According the lawsuit filed in New York state court, he was excluded from a conference call by a supervisor because the supervisor stated that he "sounded too gay." In 2018, the former employee had complained to the Employee Relations team that he had experienced incidents of homophobia and sexual orientation discrimination while on the job. After he complained, he alleged that two managers with the company included unwarranted criticisms in his performance review, which were used to create a paper trial prior to his firing. Previously, he had been an employee for eight years with few criticisms during his performance reviews.

Protecting veterans against discrimination at work

Some people in New York might know that there are laws in place that protect people who may face workplace discrimination on the basis of such characteristics as race or religion. They may be unaware that there are similar laws that protect veterans from discrimination.

The Uniformed Employment and Reemployment Rights Act of 1994 applies to employers of all sizes and bans discrimination on the basis of military service. It also requires employers to allow employees to return to the job they had prior to deployment. If the person was injured while serving, the employer must make accommodations for any disabilities that individual may have upon returning to work. The Veterans' Preference Act of 1944 gives preference to veterans in federal jobs. It also helps protect veterans if layoffs happen. However, it does not apply to private employers.

Age discrimination holds back older workers

Older adults in New York report that they have a difficult time seeking employment or pursuing promotions. While younger workers may be doubtful about the prevalence of age discrimination in the workplace, older people more frequently report that they face unfair treatment or penalties due to their age. Overall, around 50% of Americans said in one study that they believe age discrimination continues to pose a problem on the job. While only 43% of those under 45 agreed with this statement, 60% of those 60 and over said it was true.

This could indicate several issues. In some cases, younger workers may simply be less aware of incidents of age discrimination. Federal law classifies age discrimination as that which affects workers 40 and over, holding them back from hiring, promotion or pay. However, around 75% of adults 60 and over said that their age put them at a disadvantage when looking for a job. About 65% of those aged 45 to 59 also said the same. Around 10% of people aged 60 and up said that they had been specifically passed over for a raise, promotion or other advancement opportunity due to age; a full 20% of those aged 45 to 59 said the same.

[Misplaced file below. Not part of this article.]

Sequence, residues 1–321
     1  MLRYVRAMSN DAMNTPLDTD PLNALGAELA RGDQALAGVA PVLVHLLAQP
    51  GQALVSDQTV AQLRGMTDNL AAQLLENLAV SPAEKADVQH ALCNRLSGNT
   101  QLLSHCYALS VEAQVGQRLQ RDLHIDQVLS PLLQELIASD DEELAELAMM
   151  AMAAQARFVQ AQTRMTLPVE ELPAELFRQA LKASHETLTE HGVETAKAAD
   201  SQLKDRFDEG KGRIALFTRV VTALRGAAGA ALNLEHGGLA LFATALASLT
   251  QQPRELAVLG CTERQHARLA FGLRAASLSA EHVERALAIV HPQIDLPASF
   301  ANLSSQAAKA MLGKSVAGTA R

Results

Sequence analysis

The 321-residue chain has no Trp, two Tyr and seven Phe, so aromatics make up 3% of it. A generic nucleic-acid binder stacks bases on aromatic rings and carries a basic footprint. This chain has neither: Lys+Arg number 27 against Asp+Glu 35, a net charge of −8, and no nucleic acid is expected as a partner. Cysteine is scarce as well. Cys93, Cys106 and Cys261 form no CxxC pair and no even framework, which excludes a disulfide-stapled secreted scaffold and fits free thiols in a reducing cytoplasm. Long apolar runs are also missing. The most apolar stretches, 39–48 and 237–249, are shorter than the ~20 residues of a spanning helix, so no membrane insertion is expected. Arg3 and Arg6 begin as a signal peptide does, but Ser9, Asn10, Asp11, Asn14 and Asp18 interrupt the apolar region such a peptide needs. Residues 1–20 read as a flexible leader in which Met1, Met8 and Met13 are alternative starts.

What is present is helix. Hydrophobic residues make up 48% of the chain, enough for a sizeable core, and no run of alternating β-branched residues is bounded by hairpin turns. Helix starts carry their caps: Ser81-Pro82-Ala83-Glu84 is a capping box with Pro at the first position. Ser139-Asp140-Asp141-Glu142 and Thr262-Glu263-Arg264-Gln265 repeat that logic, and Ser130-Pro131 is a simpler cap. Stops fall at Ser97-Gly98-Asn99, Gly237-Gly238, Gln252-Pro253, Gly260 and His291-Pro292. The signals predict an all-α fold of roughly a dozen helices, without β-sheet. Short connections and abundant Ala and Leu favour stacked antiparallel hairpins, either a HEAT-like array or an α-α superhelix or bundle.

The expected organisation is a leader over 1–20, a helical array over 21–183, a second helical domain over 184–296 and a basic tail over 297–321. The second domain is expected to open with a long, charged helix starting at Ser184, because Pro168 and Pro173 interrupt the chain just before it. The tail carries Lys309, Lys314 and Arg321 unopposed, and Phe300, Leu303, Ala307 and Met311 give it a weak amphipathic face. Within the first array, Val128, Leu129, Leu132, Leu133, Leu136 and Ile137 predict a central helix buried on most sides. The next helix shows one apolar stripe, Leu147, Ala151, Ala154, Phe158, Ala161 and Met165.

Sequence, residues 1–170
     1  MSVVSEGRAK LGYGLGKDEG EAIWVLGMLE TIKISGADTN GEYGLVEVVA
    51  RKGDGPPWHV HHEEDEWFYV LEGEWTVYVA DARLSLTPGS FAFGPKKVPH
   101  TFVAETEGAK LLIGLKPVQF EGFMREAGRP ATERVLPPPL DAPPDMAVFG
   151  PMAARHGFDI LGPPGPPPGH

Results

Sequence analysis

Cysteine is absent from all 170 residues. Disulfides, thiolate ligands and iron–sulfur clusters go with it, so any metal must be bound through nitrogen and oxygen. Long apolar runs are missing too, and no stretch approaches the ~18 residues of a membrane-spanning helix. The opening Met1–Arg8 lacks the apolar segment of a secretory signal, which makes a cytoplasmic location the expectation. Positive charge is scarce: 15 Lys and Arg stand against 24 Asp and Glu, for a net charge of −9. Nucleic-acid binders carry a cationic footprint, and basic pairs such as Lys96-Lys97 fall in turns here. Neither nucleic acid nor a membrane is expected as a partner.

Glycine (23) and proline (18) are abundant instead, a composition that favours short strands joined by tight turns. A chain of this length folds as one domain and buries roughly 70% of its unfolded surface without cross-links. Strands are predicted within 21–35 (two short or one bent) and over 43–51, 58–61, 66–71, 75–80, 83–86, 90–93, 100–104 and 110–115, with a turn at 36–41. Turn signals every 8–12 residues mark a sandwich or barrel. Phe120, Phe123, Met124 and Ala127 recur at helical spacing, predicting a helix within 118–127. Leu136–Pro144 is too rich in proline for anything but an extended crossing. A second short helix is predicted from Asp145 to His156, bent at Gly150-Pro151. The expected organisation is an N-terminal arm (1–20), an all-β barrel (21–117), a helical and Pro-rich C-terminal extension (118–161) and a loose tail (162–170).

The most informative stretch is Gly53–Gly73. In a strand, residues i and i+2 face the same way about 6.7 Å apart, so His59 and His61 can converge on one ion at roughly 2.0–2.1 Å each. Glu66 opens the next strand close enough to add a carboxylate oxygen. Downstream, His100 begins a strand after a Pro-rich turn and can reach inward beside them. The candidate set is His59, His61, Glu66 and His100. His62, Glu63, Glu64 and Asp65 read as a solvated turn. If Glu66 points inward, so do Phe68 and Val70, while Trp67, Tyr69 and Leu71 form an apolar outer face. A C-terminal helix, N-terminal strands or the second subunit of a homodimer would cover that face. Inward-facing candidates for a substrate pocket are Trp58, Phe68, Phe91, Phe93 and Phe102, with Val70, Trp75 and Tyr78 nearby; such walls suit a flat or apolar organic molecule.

Domestic workers have special protections in New York

People who work in the household help industry often aren't protected by mainstream laws, but those who work in New York have special protections. In 2010, the Domestic Workers Bill of Rights was enacted. This provides specific information about various aspects of employment in this industry.

In order to understand exactly what protections are possible, you first have to know what is considered a domestic worker. Generally, the term refers to people who work for a household. This includes:

  • Babysitters
  • Personal caregivers
  • Nannies
  • Housekeepers

Sexual harassment in the law profession

Sexual harassment occurs in every type of profession and workplace in New York and elsewhere. As such, it should not be surprising that sexual harassment also occurs in the legal profession. However, a survey found that sexual harassment in the legal profession is particularly prevalent for both lawyers and other workers.

The study analyzed responses from nearly 7,000 participants from 135 countries. More than one-third of the women who participated stated that they had experienced sexual harassment in the profession. Approximately 7.4% of men stated that they had experienced sexual harassment. When the different types of jobs within the legal profession were taken into consideration, it was found that 52.5% of women and 18.2% of men who worked government jobs reported harassment. Alternately, the rates of sexual harassment were also high for women at 46.6% in the judiciary. However, zero men in the judiciary reported sexual harassment.